Posts Tagged ‘crafts’

Can Etsy’s crafty goodness be recycled in Japan?

Monday, May 27th, 2013

On May 16, NTT DoCoMo launched d creators, an online market service for creative people in Japan. Similar to Etsy, all the items available are handmade and the content is user generated. Unlike Etsy, though, to sell and buy via the website, you will need a Japanese bank account and purchases are made using bank transfers. This means that it’s likely that the majority of products are being designed and made in Japan, and judging from the exhibition held last weekend (May 25-26) at Daikanyama T-Site Gallery, quite a few of the goods do appear to inspired by Japanese aesthetics.

The website was created for NTT DoCoMo by the advertising agency Dentsu, who have so far curated the current sellers and their goods. Predictably, some of the chosen creators may be familiar to those who like to peruse Tokyo’s design stores. There’s Kokechi’s kokeshi dolls, for example, and Ribbonesia’s brooches. The standards are pretty high, and prices vary, but anyone is allowed to sell products via the site, so there will be more variety in the future.

Products available online include interior goods, accessories, tableware, art, fashion, textiles — even comics, novels and essays.

There’s also information on hands-on workshops led by sellers, the next one being held by Ribbonesia at the Fab cafe in Shibuya on June 9.

Today’s J-blip: nezo art

Tuesday, October 9th, 2012

It is said that the only thing worth stealing is a kiss from a sleeping baby. We completely agree, especially when they are the stars of nezo art (which literally translates as “sleeping position art”).

A recent slumber-time tableau by Mami Koide

The art wasn’t exactly made in Japan. The true pioneer in this genre is Finnish former designer Adele Enersen, who rose to Internet fame with her blog Mila’s Daydreams. She photographed her daughter  sleeping in various artsy dreamscapes realized with props and costumes. She eventually spun that popularity into a photo book, titled “When My Baby Dreams” and published in January 2012.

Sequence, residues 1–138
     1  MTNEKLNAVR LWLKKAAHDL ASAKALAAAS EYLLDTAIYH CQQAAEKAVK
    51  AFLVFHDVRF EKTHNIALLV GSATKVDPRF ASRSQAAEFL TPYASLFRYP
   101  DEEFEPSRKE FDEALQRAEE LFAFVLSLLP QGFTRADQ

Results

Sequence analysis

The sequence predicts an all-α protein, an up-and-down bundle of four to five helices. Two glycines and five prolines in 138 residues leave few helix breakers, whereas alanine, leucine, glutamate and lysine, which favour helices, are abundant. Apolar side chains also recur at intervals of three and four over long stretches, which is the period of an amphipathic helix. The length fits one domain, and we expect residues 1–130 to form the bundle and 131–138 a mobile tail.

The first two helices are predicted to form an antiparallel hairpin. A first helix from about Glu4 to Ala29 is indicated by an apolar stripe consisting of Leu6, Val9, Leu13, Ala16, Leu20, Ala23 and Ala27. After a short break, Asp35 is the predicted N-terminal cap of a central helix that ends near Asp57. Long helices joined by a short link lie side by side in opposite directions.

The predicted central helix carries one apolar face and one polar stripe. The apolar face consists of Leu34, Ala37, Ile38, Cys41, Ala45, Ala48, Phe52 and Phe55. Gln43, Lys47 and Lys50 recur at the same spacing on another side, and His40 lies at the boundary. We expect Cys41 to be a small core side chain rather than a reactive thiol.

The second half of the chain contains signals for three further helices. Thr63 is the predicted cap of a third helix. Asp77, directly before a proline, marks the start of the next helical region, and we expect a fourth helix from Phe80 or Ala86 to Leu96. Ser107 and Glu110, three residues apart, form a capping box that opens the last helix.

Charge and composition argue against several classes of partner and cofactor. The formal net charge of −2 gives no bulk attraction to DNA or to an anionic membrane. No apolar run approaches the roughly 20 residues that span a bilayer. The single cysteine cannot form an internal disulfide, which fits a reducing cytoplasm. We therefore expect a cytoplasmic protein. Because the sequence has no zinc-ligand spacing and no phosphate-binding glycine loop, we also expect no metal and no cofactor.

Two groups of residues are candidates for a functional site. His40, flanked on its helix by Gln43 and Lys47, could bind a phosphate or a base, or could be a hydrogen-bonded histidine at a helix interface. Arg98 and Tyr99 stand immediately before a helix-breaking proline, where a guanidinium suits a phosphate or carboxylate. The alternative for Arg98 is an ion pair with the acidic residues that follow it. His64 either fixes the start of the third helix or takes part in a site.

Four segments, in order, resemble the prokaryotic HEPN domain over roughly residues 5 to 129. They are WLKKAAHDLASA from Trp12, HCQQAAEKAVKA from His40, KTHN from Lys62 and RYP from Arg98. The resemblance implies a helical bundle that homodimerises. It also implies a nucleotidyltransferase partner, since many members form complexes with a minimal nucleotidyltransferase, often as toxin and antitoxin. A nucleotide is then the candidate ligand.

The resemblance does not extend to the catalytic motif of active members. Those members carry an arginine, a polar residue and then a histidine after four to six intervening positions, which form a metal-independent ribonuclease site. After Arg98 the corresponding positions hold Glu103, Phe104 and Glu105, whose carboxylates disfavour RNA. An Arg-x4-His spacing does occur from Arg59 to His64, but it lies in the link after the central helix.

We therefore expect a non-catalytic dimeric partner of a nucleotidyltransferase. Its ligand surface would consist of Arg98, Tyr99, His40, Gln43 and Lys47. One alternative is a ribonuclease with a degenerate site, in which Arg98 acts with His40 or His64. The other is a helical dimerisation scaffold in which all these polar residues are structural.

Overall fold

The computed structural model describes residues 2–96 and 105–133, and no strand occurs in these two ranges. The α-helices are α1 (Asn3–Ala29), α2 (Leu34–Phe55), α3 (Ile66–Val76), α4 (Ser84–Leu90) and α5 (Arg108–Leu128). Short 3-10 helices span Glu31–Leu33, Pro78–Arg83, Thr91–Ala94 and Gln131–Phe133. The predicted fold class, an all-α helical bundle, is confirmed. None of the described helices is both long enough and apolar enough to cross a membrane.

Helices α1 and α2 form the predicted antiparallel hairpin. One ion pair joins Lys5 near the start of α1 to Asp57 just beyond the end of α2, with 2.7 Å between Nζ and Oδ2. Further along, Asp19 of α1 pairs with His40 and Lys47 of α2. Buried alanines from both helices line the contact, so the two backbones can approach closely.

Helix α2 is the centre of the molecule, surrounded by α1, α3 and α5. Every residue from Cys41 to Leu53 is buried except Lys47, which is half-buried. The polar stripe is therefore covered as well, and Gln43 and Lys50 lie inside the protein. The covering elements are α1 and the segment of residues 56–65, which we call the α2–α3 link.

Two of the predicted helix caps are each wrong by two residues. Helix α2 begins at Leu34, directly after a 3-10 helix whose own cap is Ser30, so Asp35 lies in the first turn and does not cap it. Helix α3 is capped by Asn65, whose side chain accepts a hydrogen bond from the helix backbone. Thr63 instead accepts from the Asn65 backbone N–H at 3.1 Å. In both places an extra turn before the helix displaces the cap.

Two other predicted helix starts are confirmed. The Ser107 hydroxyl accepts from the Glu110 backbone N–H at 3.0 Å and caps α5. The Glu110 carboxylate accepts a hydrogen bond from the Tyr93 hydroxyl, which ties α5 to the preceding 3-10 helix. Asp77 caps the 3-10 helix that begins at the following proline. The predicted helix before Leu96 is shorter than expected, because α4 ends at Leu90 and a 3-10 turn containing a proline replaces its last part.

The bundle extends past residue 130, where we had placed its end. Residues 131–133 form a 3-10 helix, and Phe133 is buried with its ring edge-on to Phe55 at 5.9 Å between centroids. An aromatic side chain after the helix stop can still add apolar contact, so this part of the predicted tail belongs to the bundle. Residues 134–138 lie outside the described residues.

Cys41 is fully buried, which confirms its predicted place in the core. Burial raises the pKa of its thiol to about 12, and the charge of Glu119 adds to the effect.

While Mami Koide has clearly been inspired by Enerson, the 41-year-old illustrator diverges from the master by giving her dream tableaux a slightly more DIY vibe. In fact, in her self-imposed rules, Koide says creators of nezo art should strive to use everyday objects found around the house as their props. It’s all a matter of taste, but we prefer the more amateurish, homey nezo creations.

Koide is not alone in Japan. NAVER Matome has compiled an array of photos contributed by individuals who have chosen to put their little ones on the slumber stage. You can also check the Twitter hashtag #NezoArt for more. And if that isn’t enough, there’s Koide’s recently publish photo book, “Nezo Art Book.”

Kokeshi back in style with a new look

Friday, April 20th, 2012

Visitors to Roppongi Art Night at the end of last month were greeted by Hanako, a 13-meter-tall kokeshi doll who towered above the crowds. Despite its size, the doll’s happy, smiling face with its pink cheeks was cuteness incarnate and exemplifies how this traditional wooden doll has been given a kawaii (cute) makeover to appeal to a new generation. Once thought to be rather sinister-looking, out-of-date souvenirs, kokeshi, according to an article in Nikkei Trendy, are now trending among young women.

Hanako holds sway over Tokyo Midtown during Roppongi Art Night

Armless wooden kokeshi dolls, with large heads displaying rigid expressions and bodies decorated a little more cheerfully with floral designs, have long been sold as souvenirs in hot spring resorts throughout the Tohoku region. However, a few years back, the lack of interest among the young in these dolls  meant they began collecting dust on the shelves. An aging population of kokeshi artisans did nothing to cheer up the features of these wooden figures.